I believe in IS. It‘s the singular moment that takes you from what was, to what will be. ‗IS‘ is the face of reality. At times it‘s as warm and comforting as the summer sun against your skin; then without warning it can grow ugly beyond definition, a thing you‘d turn away from if given the choice, but the truth is you don‘t have a choice. Nobody does. We don‘t get to choose the ‗IS‘ of our life. ‗IS‘ simply shows up on our doorstep and says here I am, so deal with it. In all probability, I should have died fifty two years ago; but after seventeen years of hanging onto the tail of the tiger, I wasn‘t quite ready to let go.
You might expect that a woman born into a family with turn of the century steel money and an aristocratic heritage would be plunked down on the pathway of plenty, but you‘d be wrong. I grew up fatherless, crammed into a one room cottage with Mother and two siblings born of a different father. At times I could envision my half-brother, Scott, a valiant protector. Other times he became my tormentor. With our sister Dorothy Lee, there was no such question—she hated me from the moment I was born. Perhaps I could fault Mother for the haphazard choices that forced us into such a situation, but why lay blame on her when in some ways I‘m as reckless and irresponsible as she ever dreamed of being. The likelihood is that she and I both inherited an errant gene, one that burrows its way into your soul and causes you to fly in the face of tradition, deny impossibility, and forge a pathway through this briar patch of life. If such a gene exists, it probably originated with Grandmother Alice Paul, a suffragette who marched herself down to Washington demanding the right to vote; then with two suitcases and three little girls slipped away in the dark of night, leaving her husband behind. Long before I entered this world I‘d been infused with Grandmother‘s sense of defiance and my father‘s passion for unbridled freedom. Little wonder I grew up a tomboy, a daredevil, a latchkey kid who neither knew nor understood the meaning of fear.
The life I‘m now living began in Southern Florida on a sweltering summer day, when the air was thick with humidity and my skin prickled with restlessness. It was June 2, 1958; two days after I‘d strutted across the stage, a finalist in the New Smyrna Beach Beauty Pageant, and three days before I‘d planned to wear the new prom gown hanging in the closet. I was seventeen, the age when sitting still is impossible, boredom worse than death, and a new adventure lurking around every corner. After spending over a year in New York, I‘d returned to Daytona searching for something—freedom perhaps, or that magical stimulus that would quicken my heartbeat and send challenge pulsing through my veins.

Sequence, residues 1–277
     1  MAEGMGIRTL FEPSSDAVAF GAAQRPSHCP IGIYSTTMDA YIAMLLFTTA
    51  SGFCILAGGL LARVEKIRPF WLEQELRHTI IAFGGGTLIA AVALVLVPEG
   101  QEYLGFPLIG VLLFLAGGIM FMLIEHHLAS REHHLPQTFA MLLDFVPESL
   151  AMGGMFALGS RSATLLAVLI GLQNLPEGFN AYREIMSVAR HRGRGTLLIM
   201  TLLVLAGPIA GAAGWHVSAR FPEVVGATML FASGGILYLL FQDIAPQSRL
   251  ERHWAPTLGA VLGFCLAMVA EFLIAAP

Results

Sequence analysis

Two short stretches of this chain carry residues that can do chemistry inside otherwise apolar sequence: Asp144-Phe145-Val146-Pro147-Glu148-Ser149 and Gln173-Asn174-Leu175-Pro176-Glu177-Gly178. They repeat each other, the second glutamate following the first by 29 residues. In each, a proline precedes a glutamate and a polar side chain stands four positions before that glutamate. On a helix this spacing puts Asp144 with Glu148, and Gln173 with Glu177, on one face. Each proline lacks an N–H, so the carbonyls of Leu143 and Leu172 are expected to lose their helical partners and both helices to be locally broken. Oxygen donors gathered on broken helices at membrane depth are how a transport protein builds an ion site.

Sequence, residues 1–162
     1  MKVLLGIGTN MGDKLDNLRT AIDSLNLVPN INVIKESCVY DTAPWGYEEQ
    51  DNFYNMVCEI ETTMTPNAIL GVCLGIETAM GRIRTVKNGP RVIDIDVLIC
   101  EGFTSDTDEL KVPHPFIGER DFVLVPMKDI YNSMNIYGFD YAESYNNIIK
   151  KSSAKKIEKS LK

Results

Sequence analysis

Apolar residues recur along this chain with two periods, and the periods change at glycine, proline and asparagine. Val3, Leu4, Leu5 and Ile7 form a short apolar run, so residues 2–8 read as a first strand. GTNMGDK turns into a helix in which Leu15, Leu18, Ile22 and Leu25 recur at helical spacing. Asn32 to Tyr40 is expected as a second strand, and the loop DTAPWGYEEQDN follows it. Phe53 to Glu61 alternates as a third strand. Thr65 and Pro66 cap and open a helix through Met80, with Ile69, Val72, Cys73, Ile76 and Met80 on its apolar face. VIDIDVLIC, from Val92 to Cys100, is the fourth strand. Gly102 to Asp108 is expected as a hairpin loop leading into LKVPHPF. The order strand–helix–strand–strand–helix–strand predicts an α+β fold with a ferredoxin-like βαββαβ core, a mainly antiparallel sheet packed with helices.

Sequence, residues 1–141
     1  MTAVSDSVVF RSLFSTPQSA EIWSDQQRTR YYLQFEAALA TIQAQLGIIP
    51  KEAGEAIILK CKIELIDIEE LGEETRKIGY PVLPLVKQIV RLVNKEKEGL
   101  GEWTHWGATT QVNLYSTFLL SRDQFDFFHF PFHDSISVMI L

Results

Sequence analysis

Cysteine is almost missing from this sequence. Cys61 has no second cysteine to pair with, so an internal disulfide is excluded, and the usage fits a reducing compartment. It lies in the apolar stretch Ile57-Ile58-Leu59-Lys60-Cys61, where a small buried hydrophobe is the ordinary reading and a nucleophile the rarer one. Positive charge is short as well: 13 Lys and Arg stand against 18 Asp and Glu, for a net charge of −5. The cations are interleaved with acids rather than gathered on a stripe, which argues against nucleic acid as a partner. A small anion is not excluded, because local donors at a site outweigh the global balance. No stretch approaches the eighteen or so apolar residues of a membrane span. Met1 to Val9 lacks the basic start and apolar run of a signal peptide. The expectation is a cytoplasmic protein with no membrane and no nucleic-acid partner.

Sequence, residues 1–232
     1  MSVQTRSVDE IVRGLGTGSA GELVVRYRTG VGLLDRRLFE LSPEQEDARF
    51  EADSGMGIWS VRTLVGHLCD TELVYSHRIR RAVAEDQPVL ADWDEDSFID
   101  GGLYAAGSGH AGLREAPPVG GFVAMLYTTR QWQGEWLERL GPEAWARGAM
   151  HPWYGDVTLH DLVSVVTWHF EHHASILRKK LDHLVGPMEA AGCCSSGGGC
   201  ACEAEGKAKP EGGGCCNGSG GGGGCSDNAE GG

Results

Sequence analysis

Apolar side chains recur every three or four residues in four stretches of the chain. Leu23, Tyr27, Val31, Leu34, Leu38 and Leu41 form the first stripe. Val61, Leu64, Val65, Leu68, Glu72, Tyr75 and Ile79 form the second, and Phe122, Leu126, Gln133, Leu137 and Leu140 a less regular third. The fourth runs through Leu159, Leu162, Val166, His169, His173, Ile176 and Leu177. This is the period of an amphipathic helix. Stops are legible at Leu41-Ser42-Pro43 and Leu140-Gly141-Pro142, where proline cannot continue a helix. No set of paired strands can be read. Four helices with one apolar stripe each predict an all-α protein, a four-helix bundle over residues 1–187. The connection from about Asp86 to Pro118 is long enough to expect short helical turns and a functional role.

At the age of fifteen, I had been allowed to go to Manhattan to attend the Semple Finishing School for Girls; but after a month of rather ridiculous curfew restrictions and listening to the same etiquette lessons Mother had preached from the time I was born, I moved out. My first thought was the Barbizon Plaza, an exclusive hotel for women. For a while it looked as though I might be accepted, but once they discovered I was not yet sixteen, I received a polite no. It was the same story with several other women‘s hotels; apparently a fifteen year old girl was something no one wanted as their responsibility. In desperation, I turned to my brother Scott, who was married to a Jewish woman. She pulled a few strings and got me into a Jewish Women‘s Hotel. If I were to stay in New York, it seemed to be my only option.
After being told repeatedly that I should work as a model, and equipped with few marketable talents other than my good looks, I decided to give modeling a shot. It was at a casting call that I met the three gay men, also models, who would ultimately become my best friends and protectors. We struck up a conversation and when they learned my age, Sam said, “Fifteen! What‘s a girl your age doing in New York alone? Do you even realize the dangers of this business? Some agencies issue a call for models, but they‘re not really looking for models! Get involved in something like that, and you could end up in serious trouble.” The other two agreed. “We‘ve got a spare room,” Robert said, “You can move in with us and we‘ll get you to the legitimate agencies.” Within the week, I left the hotel and moved in with my new friends.